7/4

Evan Parker

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It is not, from what I understand (just as all the rest of the Chronoscope rekleases). I've been looking for it for months now.

Yeah I think Karyobin is o/p. Which sucks. It's a very approachable album & would be a good introduction to the SME or to Bailey & Parker.

I think so too. I gave it a spin last night and it worked for me. I dig it.

I got my copy when Evan was in NYC in 93 or 94. I heard him with Braxton at the Greenwich School of Music and they had copies on sale.

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It is not, from what I understand (just as all the rest of the Chronoscope releases). I've been looking for it for months now.

According to the distributer in Belgium through the shop called FNAC, they still distribute the record.

I will ask the guy who is in charge of jazz in this shop (and who is a close friend), if he can order any.

We'll see.

Edited by P.L.M

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A friend of mine gave me Lines Burnt in Light a few years back. This was my first exposure to Evan Parker. I was blown away. I still cannot imagine owning more than one solo disc. There is so much to absorb! I love the phrase 'sonic illusion.' Very fitting, especially for Lines Burnt in Light. Great stuff when I'm in the mood. Maybe someday I will check out more Evan Parker based on this thread.

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Some other Evan Parker disks I have but really need to listen to:

The Music Improvisation Company (ECM)

The Music Improvisation Company 1968-1971

The Spontaneous Music Ensemble - Karyōbin

Spontaneous Music Ensemble - Quintessence

Derek Bailey & Evan Parker - Arch Duo

Anthony Braxton, Evan Parker & Paul Rutherford - Trio (London) 1993

Anthony Braxton, Evan Parker - Duo (London) 1993

...and I'll set this pile aside and dig into it this weekend.

and more I own, but forgot about:

Paul Bley, Evan Parker, Barre Phillips - Sankt Gerold (I'm digging this now)

Kenny Wheeler - Music for Large and Small Ensembles

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1609.jpg

Paul Bley, Evan Parker, Barre Phillips - Sankt Gerold

If all you know of Evan Parker is his marathon circular breathing sessions, this is a bit different. There is some of this, but it's buffered by the group improvisations.

From an Amazon.com review:

Evan Parker has never sounded better. His trademark torrents of sound are on display and they are awesome. I often play Parker to those who claim that avant-garde jazz doesn't require any technique. Parker's control over his multiphonics and mastery of circular breathing (no Kenny G did NOT invent the technique) is amazing to behold. But he also strikes a lyrical note here, perhaps because of the presence of Bley.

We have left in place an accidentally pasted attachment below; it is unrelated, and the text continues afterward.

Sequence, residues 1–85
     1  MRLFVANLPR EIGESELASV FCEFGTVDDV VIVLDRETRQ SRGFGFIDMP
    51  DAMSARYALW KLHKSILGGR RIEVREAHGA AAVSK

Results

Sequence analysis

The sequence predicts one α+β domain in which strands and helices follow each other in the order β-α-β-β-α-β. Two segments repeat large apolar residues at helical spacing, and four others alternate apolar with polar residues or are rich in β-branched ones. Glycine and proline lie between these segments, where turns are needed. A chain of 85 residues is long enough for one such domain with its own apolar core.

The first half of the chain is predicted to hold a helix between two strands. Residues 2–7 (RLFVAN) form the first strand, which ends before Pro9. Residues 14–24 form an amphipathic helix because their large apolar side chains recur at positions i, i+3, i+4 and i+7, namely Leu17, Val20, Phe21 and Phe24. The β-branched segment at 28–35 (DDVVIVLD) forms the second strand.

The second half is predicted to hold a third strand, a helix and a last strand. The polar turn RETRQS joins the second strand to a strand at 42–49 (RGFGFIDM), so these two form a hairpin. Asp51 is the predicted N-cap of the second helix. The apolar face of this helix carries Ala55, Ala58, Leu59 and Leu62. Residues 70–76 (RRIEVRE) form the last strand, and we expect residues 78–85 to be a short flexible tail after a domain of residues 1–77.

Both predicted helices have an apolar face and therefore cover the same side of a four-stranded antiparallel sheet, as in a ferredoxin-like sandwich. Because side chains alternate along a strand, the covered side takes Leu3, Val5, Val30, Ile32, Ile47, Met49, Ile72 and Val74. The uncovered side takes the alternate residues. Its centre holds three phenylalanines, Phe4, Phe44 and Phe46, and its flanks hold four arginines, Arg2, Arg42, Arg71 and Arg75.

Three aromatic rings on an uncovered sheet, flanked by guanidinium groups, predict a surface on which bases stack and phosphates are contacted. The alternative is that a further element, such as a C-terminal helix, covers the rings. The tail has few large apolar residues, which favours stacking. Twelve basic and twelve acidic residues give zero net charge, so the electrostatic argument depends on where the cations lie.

really now...

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I found a couple of CDs I had mis-filed:

Sainkho Namtchylak (overtone singing and other extended techniques) & Evan Parker - Mars Song

I'm in the middle of the 1st cut, works for me.

Jah Wobble & Evan Parker - Passage to Hades

Evan makes it work.

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I remember Mars Song as a really tough go--got rid of it some time ago.

Lines Burnt on Light is pretty impressive if you've never heard Parker solo before but I found it disappointing--very little advance to show on Conic Sections from over a decade before. I still like the solo piece on Atlanta best of all the solo E.P. I've heard.

The new duo album with Stan Tracey is terrific by the way (the 2nd one--I haven't heard the 1st). It's fairly jazz-oriented too--downright groovy on the title track "Crevulation".

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Is Conic Sections also recorded in that fashion? That church sounds incredible. The way he uses it to create so much sound and so many lines is amazing to me.

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Yes it's an extremely resonant acoustic for Conic Sections.

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Sankt Gerold is a gem (as is the other trio album by this group). Parker is best to these ears when playing with musicians who add lyricism to the overall sound, as Bley does in abundance here. It counterbalances Parker's often gruff playing, which is far more textural than linear.

For those who can take it, you might check out his duo album with Steve Lacy, "Chirps." Not one I go to frequently, but it is an interesting record.

Bye-ya

Edited by PauL B

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I remember Mars Song as a really tough go--got rid of it some time ago.